He singled out China’s coercion of Australia and Japan as examples of how Beijing used a range of its powers as the world’s second-largest economy to try and deprive countries of their political agency.
In early 2020, China slapped Australian wine, coal and barley with huge tariffs after former prime minister Scott Morrison called for a COVID inquiry. Beijing faced losing a case launched by Australia in the World Trade Organisation and lifted its taxes on barley, but the extra charges on Australian wine remain in place.
In September 2021, Morrison announced the AUKUS plan for Australia to acquire nuclear-propelled submarines in partnership with the US and UK.
Nobou Tanaka, a former director of the International Energy Agency, said nuclear-propelled submarines would be the most strategic deterrence against North Korea, China and Russia for Japan, and asked Emanuel for his own views in a question and answer session after the ambassador’s speech.
“I’m not touching that with a 10-foot pole – that’s my view on that,” Emanuel said to Tanaka. “If you want to talk to the Japanese government about nuclear subs, I can give you a phone number.”
“I think Emanuel was not negative about nuclear sub co-operation with Japan. He meant it is up to the Japanese government,” Tanaka told this masthead.
“When Japan deploys Tomahawk missiles, we will need nuclear submarines, but the Ministry of Defence is cautious due to the public image of nuclear power and very high costs of nuclear sub and its personnel.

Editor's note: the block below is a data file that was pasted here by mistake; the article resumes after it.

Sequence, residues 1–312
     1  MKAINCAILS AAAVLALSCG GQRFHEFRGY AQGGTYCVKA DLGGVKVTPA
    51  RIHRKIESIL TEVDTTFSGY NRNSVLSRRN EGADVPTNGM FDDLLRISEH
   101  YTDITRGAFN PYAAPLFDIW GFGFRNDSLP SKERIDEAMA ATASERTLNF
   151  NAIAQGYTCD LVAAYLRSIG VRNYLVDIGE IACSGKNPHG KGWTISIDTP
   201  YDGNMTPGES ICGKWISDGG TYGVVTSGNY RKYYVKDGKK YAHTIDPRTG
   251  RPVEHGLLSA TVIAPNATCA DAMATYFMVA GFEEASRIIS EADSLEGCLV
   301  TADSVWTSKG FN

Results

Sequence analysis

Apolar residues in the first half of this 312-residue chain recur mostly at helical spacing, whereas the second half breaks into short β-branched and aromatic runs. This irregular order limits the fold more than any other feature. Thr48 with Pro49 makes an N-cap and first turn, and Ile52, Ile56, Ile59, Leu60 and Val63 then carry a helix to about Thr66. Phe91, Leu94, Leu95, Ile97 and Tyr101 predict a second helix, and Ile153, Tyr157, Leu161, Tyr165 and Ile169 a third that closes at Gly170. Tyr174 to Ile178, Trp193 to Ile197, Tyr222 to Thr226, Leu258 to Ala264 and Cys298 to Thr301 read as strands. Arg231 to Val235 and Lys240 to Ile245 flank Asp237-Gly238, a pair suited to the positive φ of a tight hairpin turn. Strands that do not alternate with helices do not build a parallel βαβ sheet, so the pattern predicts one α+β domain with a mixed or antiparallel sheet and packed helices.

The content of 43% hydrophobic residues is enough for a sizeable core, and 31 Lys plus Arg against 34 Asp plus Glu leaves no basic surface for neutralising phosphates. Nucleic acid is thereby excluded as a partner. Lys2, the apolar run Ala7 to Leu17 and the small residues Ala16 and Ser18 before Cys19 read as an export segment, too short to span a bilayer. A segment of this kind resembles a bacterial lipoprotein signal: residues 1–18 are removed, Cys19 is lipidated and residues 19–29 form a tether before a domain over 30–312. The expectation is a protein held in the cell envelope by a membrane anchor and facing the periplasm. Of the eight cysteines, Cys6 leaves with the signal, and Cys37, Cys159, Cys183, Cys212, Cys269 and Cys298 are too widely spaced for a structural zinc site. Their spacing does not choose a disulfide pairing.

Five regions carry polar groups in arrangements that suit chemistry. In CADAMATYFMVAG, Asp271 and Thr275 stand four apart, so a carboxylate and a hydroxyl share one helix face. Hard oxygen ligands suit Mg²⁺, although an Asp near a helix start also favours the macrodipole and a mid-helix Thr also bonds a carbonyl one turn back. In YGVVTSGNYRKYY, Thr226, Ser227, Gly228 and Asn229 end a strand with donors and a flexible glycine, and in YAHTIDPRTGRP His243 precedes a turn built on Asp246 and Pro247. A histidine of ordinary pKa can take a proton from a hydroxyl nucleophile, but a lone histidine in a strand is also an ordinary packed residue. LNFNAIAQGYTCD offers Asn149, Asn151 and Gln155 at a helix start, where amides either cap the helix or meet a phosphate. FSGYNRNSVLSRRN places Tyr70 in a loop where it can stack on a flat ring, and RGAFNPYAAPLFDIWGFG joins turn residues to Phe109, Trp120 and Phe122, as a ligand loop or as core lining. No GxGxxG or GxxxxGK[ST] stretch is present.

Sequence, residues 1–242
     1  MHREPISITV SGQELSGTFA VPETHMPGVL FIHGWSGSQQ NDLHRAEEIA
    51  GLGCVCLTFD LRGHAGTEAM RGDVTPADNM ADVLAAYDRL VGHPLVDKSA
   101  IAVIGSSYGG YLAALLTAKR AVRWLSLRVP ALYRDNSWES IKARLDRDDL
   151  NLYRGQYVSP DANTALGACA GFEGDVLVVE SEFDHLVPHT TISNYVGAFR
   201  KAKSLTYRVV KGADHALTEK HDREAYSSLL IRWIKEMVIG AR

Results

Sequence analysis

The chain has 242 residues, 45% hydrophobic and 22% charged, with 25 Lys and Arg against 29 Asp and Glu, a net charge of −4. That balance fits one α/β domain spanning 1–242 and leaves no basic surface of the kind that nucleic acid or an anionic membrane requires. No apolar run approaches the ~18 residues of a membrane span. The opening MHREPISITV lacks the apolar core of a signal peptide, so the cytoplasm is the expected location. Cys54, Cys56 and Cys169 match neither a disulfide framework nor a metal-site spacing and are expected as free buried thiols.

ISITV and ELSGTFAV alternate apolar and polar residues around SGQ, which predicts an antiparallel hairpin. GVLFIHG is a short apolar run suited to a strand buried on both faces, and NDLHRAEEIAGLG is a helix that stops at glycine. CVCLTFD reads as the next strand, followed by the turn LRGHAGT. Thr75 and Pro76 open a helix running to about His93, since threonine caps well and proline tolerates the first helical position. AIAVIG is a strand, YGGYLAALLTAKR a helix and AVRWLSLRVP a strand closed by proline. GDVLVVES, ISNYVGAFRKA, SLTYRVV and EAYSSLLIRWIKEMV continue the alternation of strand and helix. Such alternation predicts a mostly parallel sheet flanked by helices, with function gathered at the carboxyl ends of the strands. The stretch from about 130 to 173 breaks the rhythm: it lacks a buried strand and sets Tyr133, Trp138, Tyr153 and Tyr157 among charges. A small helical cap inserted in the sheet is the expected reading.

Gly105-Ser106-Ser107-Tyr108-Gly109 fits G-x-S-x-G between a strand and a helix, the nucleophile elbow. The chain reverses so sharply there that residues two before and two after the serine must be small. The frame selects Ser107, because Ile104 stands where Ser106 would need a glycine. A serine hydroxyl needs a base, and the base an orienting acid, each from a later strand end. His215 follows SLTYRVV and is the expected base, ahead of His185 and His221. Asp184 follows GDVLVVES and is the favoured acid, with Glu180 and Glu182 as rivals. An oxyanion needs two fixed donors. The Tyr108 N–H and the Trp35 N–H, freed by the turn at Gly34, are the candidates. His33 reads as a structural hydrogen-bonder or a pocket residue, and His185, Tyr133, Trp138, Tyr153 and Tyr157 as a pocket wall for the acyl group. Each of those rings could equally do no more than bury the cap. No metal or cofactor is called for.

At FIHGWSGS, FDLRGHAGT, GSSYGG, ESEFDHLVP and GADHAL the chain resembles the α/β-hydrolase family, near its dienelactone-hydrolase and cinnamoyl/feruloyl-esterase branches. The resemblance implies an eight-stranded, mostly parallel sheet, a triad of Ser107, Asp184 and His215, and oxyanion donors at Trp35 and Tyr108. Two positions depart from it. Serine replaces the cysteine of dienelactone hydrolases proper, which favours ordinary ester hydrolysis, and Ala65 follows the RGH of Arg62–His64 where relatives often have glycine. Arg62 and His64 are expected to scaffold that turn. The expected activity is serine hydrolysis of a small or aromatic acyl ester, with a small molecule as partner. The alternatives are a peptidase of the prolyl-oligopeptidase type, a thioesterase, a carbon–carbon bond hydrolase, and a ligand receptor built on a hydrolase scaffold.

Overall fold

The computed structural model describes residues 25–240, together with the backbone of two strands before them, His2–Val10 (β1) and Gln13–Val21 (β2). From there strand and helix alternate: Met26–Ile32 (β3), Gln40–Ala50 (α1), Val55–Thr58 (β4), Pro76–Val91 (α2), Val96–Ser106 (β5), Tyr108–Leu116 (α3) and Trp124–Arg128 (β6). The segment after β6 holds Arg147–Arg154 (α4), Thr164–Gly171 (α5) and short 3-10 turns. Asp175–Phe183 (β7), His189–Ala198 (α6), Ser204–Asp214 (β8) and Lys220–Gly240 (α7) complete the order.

“We must now publicly discuss the role of nuclear power for national defence. Of course we should not have nuclear weapons, but nuclear-propulsion subs with regular Tomahawks may add important deterrence for Japan against North Korea, China and Russia together with the US nuclear umbrella.”
Emanuel praised Prime Minister Fumio Kishida’s decision to raise Japan’s defence spending to two per cent of GDP. Kishida has previously warned that the unprovoked war in Ukraine could be replicated in the Indo-Pacific.
After an NBC report claiming he’d been asked to rein in his provocative posts taunting China, the latest of which likened the disappearance of China’s defence minister to a plot line from an Agatha Christie novel, Emanuel doubled down, releasing new photographs which he said were Chinese vessels fishing in Japan’s waters – the same area from where Beijing has blocked Japanese seafood imports.
China claims the fish are contaminated by Japan’s recent release of treated wastewater from the 2011 Fukushima nuclear disaster, which the International Atomic Energy Agency has said is safe.
“If the fish and the concern about the fish is a public health area, why is China still fishing in Japan’s waters? That’s the question,” he said.
“I do appreciate the attention on me, but let’s not lose our perspective on the bigger picture – you have a defence minister who [has gone missing] about a month after the foreign minister’s gone missing.”
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